Cholesterol and Hispanic Women: An Issue of the Heart

Cholesterol and Hispanic Women: An Issue of the Heart


–(HISPANIC PR WIRE – CONTEXTO LATINO)–September 25, 2007–According to a survey from the American Heart Association (AHA), Hispanic women were less likely than white or black women to identify heart disease as the leading cause of death in women. In addition, among Mexican-Americans, more than 12% of women have high cholesterol levels , while Hispanic women in general are less likely to engage in physical activity compared to non-Hispanic white and black women. These factors, reflect the need for more cholesterol awareness to prevent cardiovascular disease among Latinas.

“Latinas need to empower themselves with knowledge on what steps should be taken to control their cholesterol levels and help their families maintain a healthy heart,” stated Dr. Eliscer Guzman, MD cardiologist with the Centro Medico Dominicano in New York. “Hispanic women play an important role in their community as the caretakers of the family. As such they need to encourage their families to go to the doctor and get their cholesterol screened on a regular basis.”

According to a 2005 study from the Center for Disease Control, more then 50 percent of Hispanics reported that they had their cholesterol screened in the previous five years. Although this is a promising figure, they still lag behind whites by almost 25 percent (52 percent vs.76 percent). To keep up the positive momentum, it’s important for Latinas, as gatekeepers, to know the risk factors of cardiovascular disease.

What are the effects of high cholesterol?

When LDL cholesterol enters the damaged wall of the artery it changes and can lead to inflammation. Over time, this process of oxidation and inflammation in the artery wall creates something known as an arterial plaque. This can be happening in a number of different sites around the body and can get progressively worse over time.

— This chronic process, known as atherosclerosis, can have a number of outcomes – depending on whether the plaque is stable or unstable.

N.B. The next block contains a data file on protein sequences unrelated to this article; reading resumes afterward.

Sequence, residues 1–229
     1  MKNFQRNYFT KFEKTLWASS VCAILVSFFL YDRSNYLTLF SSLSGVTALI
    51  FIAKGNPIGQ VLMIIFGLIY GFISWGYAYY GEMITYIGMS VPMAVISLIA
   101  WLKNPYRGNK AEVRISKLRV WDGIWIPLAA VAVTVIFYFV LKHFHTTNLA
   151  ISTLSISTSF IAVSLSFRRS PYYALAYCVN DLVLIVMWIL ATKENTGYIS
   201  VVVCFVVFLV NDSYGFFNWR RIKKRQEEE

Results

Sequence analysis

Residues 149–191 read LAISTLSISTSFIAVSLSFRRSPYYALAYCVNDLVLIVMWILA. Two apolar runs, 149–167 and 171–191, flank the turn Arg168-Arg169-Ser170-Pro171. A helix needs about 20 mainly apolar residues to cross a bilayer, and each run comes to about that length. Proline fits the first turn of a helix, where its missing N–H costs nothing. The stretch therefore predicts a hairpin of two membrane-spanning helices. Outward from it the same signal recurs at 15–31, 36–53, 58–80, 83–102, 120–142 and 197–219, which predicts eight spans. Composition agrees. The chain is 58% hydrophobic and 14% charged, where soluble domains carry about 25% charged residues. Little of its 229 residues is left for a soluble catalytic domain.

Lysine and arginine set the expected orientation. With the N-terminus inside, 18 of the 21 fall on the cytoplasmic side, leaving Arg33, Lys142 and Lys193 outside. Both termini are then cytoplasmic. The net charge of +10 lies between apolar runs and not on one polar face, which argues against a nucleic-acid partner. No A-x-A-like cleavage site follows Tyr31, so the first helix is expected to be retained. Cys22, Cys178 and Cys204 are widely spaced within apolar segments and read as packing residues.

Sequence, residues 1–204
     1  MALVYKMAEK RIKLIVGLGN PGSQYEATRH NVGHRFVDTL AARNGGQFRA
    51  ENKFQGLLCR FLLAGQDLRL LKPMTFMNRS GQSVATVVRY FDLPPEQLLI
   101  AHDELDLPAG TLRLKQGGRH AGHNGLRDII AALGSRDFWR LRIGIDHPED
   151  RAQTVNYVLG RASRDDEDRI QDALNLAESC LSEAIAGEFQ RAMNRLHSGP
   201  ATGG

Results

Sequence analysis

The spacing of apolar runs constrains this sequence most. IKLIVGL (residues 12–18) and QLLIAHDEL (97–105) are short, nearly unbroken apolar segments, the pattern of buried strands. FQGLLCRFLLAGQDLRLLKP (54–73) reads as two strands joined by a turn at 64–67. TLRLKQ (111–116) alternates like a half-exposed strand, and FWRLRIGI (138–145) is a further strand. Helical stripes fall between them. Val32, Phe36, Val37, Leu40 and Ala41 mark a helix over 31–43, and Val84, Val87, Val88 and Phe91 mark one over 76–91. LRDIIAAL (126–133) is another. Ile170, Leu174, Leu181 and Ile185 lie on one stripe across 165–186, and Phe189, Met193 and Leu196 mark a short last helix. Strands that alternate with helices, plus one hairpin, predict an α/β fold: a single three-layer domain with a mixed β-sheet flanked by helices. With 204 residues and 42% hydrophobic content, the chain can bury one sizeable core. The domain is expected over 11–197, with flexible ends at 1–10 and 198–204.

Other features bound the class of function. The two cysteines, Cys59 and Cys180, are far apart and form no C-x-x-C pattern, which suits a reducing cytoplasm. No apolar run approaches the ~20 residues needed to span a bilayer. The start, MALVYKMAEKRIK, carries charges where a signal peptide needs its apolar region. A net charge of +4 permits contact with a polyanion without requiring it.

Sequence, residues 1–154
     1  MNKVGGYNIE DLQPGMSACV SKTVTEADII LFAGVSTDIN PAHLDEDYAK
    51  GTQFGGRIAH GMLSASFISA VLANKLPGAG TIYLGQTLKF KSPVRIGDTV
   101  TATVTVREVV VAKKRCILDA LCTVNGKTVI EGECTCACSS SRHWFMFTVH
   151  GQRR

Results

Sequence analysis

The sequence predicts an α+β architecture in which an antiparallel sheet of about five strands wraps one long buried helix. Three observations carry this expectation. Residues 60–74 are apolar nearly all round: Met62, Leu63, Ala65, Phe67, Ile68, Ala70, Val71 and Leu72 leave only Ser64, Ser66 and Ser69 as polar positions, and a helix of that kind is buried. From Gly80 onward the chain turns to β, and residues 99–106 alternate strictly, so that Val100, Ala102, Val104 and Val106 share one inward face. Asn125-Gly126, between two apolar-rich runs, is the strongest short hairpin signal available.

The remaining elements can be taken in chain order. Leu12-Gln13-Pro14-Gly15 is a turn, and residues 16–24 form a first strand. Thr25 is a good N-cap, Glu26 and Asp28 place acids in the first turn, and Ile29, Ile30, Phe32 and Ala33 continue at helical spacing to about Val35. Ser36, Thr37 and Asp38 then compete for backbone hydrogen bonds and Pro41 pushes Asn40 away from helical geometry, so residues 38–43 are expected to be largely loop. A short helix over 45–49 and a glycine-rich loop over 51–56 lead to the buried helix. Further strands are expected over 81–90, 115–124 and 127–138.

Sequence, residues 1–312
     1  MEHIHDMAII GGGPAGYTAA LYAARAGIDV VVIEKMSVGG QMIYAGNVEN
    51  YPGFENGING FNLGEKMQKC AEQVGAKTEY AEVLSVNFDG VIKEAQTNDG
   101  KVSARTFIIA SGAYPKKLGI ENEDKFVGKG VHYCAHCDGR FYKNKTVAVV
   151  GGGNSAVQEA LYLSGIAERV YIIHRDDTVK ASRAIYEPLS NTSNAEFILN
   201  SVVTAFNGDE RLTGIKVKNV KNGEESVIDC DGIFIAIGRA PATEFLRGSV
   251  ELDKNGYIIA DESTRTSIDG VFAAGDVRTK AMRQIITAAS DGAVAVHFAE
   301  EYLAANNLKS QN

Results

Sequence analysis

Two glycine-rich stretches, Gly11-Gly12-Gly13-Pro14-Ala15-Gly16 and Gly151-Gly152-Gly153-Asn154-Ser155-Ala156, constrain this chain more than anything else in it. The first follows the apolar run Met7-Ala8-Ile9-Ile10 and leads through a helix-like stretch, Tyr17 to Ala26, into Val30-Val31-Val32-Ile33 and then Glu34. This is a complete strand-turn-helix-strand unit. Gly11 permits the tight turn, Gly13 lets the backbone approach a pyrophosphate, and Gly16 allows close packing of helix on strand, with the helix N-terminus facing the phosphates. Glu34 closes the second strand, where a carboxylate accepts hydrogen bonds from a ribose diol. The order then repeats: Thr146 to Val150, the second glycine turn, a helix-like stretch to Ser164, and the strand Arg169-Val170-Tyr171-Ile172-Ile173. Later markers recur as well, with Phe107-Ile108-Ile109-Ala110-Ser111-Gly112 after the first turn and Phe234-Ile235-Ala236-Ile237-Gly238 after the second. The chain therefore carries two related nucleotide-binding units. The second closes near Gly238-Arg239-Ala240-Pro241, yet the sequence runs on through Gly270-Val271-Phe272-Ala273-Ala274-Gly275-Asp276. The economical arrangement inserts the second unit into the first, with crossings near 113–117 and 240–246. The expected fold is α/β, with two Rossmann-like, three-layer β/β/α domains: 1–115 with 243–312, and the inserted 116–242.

— A stable plaque can continue to grow, slowly reducing blood flow over time, but does not necessarily completely block the artery.

— If a small plaque becomes unstable and ruptures, exposing its contents, it is much more dangerous than a stable plaque. A clot forms and this can completely block the flow of blood.

High Risk vs. Low Risk

High cholesterol is one of the key factors that can place someone at greater risk for having heart disease, if it is not managed properly. The good news is that there are many ways to lower the risk of developing heart disease, such as eating a healthy diet, exercising, and taking medication, if necessary, to help manage cholesterol levels. Cholesterol goals are different for each person, so it is important to discuss your goals with your health care professional.

What can you do?


— Remember to consult a doctor before beginning an exercise program

— Reduce the risk of coronary heart disease with a more active lifestyle vi

— Experts recommend 30 minutes of physical activity most days of the week vii

Eat right

— Know the calorie content of the foods and beverages you consume

— Replace animal fats with vegetable oils

— Use vegetable oil or olive oil instead of butter or lard

— Replace high-calorie foods with fruit and vegetables

— Eat more fruits, vegetables, fish, chicken (skinless), and lean meats; whole-grain cereals, pastas, and rice.

— Watch what you eat

— Lower your intake of sugars, starches, daily sodium intake and alcohol

— Select milk and dairy products that are either fat-free or low-fat

— Limit portion size

Maintain a healthy weight

— Work with your doctor to determine your ideal weight

— Lose excess weight to help lower high cholesterol levels

Get Checked

— Since having high cholesterol levels does not cause any symptoms, it’s important to visit your doctor and get blood work at least once every 5 years. If you have other risk factors for coronary heart disease such as hypertension, you might be required to get blood work more frequently.

— As a family, make a commitment to talk to a doctor and develop an action plan to reduce the risk of coronary heart disease. Visit, download and print La Promesa del Corazon, which will help you follow the plan that was determined by your doctor to maintain healthy cholesterol levels

When is medication needed?

— If diet and exercise aren’t enough to reach the desired cholesterol levels, your doctor may decide to add medication to your daily routine to help bring cholesterol levels to the desired number

It is important to remember that medicine is not a cure-all. A healthy diet and regular exercise are important to help maintain healthy cholesterol levels. To learn more about keeping your heart healthy, please talk to your doctor and visit or call 1-800-236-9933.

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Cholesterol and Hispanic Women: An Issue of the Heart